UK researchers develop catalyst for cheaper hydrogen fuel cells

Hydrogen

United Kingdom – A European team led by Imperial College London researchers developed a catalyst for fuel cells using only iron, carbon, and nitrogen – low-cost, readily available materials – demonstrating that it can operate a fuel cell at high power.

Until now, fuel cells relied on a platinum catalyst to speed up the reaction that generates electricity, which is both expensive and scarce.

Lead researcher Professor Anthony Kucernak, from the Department of Chemistry at Imperial, said: “Currently, around 60% of the cost of a single fuel cell is the platinum for the catalyst. To make fuel cells a real viable alternative to fossil-fuel-powered vehicles, for example, we need to bring that cost down.”

Boost of iron

The team came up with the idea of making a catalyst with all of the iron dispersed as single atoms within an electrically conducting carbon matrix. Single-atom iron has different chemical properties than bulk iron, which is more reactive because all of the atoms are clustered together.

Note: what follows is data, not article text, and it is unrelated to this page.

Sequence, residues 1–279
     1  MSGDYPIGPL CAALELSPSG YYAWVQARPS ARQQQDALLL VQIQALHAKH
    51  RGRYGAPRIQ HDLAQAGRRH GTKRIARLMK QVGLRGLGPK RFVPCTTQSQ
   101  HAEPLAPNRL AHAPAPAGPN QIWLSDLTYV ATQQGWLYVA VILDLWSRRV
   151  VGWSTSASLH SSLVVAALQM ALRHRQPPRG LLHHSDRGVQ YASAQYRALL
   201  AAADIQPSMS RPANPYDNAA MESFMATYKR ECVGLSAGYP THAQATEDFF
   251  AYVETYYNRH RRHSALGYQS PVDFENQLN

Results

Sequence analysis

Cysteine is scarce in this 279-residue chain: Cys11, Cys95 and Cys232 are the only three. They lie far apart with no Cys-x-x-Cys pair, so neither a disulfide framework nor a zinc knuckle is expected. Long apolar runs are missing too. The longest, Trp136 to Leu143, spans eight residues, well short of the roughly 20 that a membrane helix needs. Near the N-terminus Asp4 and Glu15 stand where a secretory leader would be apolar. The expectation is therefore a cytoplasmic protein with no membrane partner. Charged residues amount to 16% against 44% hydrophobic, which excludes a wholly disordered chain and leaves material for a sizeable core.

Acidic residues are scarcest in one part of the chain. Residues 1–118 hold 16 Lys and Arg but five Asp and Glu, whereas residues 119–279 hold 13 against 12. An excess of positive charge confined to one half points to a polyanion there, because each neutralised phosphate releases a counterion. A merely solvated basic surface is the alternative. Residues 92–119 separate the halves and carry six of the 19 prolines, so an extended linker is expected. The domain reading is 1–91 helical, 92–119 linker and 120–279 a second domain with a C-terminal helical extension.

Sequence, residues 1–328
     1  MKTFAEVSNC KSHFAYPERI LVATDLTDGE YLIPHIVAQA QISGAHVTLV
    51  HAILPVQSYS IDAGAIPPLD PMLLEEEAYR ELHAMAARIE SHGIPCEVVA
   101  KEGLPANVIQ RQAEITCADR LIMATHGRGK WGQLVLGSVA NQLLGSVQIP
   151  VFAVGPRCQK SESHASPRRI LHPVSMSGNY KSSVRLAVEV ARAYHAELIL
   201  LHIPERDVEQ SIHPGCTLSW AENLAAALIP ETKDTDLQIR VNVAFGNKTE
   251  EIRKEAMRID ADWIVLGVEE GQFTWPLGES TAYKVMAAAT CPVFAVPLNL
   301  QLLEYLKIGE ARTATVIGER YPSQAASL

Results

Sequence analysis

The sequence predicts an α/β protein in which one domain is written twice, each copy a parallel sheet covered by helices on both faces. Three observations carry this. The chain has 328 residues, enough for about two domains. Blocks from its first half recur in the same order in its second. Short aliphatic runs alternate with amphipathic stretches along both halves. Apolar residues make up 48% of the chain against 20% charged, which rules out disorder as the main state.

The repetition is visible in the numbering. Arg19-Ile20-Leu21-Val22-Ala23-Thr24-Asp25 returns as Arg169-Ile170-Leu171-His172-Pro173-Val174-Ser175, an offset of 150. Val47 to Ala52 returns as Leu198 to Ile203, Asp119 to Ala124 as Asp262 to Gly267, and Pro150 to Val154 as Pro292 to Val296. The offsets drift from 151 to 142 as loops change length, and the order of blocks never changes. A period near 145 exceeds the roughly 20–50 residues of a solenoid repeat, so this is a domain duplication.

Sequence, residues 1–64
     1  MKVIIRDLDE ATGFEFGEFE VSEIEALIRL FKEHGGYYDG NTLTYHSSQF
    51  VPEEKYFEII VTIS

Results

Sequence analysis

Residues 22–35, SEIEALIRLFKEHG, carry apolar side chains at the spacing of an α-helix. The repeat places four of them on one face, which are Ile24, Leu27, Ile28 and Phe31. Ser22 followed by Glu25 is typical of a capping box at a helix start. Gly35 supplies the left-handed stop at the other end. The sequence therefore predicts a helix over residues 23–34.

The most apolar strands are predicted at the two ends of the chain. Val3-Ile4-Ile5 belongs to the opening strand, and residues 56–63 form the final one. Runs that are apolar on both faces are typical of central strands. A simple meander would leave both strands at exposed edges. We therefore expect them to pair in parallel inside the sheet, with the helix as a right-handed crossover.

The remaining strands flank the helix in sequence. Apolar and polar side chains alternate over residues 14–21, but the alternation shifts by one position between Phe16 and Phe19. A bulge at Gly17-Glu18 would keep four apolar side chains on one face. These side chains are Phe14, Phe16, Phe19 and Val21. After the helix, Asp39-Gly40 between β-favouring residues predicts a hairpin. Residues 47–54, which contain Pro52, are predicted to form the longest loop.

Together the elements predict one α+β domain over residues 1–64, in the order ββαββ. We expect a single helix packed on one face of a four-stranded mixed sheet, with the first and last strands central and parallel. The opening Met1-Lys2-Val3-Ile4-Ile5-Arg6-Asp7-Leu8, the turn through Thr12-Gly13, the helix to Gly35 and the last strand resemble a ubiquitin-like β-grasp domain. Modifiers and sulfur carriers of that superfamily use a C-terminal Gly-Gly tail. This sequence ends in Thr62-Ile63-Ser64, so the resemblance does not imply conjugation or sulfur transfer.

These properties indicate that iron enhances the reactions required in the fuel cell, making it a viable replacement for platinum. The team demonstrated in lab tests that a single-atom iron catalyst can perform similarly to platinum-based catalysts in a real fuel cell system.

The method developed by the team could be adapted for other catalysts for other processes, such as chemical reactions using atmospheric oxygen as a reactant instead of expensive chemical oxidants, and wastewater treatment using air to remove harmful contaminants, in addition to producing a cheaper catalyst for fuel cells.

Unique synthetic method

First author Dr Asad Mehmood, from the Department of Chemistry at Imperial, said: “We have developed a new approach to make a range of ‘single atom’ catalysts that offer an opportunity to allow a range of new chemical and electrochemical processes.

“Specifically, we used a unique synthetic method, called transmetallation, to avoid forming iron clusters during synthesis. This process should be beneficial to other scientists looking to prepare a similar type of catalyst.”

The team worked with Johnson Matthey, a UK-based fuel cell catalyst manufacturer, to test the catalyst in appropriate systems, with the goal of scaling it up for use in commercial fuel cells.

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